By William Doreski
Meat rains from a cloudless sky.
Desiccated shards exploded
a hundred miles away when
the mother of all fixes occurred.
Meanwhile I’ve returned to work
in the bookstore because the owner
died of boredom and stuck me
with a sense of duty alien
to my lack of education
and dislike of sitting still for long.
Someone wants anatomy books
so I direct her to the Harvard
Medical Coop. Someone else
wants to steal the collected poems
of James Russell Lowell. Go ahead.
Wherever that vulgar rain began
someone jonesed something so badly
his lobes made fists and his bladder
inflated him into the blue.
At what height he exploded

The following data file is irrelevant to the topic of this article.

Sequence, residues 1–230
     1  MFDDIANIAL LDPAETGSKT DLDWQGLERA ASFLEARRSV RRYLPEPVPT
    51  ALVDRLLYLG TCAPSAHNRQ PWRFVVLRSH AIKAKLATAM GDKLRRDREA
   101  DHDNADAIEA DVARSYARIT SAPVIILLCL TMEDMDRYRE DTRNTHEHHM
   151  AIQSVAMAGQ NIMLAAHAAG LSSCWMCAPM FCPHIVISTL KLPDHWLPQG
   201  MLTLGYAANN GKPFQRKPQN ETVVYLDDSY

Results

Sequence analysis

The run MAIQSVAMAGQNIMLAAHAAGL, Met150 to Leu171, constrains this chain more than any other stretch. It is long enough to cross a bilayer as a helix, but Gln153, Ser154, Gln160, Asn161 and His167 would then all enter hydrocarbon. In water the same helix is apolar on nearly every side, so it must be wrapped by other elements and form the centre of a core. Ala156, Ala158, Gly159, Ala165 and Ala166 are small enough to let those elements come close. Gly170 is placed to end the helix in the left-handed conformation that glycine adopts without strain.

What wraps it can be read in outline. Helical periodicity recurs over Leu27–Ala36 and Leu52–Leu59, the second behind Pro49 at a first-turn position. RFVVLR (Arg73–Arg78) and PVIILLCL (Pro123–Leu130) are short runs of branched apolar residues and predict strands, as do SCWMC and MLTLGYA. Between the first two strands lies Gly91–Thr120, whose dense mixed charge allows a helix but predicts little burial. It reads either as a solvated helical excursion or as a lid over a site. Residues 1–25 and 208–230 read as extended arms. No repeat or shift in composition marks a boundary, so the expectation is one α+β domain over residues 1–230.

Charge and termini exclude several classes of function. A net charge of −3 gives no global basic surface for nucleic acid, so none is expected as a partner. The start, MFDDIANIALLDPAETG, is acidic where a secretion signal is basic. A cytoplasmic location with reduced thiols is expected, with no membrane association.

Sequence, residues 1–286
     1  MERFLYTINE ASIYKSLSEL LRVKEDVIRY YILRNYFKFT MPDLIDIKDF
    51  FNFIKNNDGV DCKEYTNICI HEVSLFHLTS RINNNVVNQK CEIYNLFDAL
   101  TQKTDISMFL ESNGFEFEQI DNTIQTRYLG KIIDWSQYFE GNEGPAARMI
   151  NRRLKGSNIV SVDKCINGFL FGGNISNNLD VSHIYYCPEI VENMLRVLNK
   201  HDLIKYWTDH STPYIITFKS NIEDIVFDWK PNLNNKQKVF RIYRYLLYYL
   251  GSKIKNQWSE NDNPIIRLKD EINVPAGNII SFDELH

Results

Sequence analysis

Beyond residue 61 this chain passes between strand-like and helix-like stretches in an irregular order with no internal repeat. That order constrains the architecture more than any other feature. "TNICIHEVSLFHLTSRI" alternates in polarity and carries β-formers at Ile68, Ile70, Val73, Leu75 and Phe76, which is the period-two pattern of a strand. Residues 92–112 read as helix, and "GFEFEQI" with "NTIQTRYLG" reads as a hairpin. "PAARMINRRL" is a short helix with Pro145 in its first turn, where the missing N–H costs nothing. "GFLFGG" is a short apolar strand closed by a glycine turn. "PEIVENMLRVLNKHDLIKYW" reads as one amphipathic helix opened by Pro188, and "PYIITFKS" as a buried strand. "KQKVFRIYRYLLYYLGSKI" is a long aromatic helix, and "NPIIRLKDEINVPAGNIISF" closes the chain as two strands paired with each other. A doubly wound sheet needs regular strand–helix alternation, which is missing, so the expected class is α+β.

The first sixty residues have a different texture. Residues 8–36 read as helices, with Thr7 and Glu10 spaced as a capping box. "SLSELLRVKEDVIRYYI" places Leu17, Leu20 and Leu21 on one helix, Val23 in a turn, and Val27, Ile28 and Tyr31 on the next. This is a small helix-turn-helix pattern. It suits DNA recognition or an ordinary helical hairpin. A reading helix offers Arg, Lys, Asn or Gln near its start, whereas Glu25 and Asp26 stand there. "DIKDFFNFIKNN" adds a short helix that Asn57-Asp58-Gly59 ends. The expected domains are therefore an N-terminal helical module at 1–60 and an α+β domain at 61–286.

only airline pilots know.
The bookstore’s too modest to prompt
a day’s worth of profit.
No wonder the owner ran off
to San Francisco with flowers
in his hair and checkbook flapping.
No wonder I’ve reverted thirty years
and slump at the register
with my folded hands twitching.
The meat plopping on the sidewalk
disgusts the beat cop and mailman.
They duck inside for shelter
so I serve them instant coffee
and we chat about the old days
when my reddish hair flourished
and junkies in the alley shot
the purest horse into veins as tough
as brambles. Later I‘ll declare
the bookstore bankrupt and drive home
a hundred miles with a last box
of first editions no one wants—
the flyleaves inscribed by authors
so dead the dinosaurs stomped
their graves flat, erasing all clues.
William Doreski’s work has appeared in various electric and print journals, and in several collections, most recently The Suburbs of Atlantis (AA Press, 2013).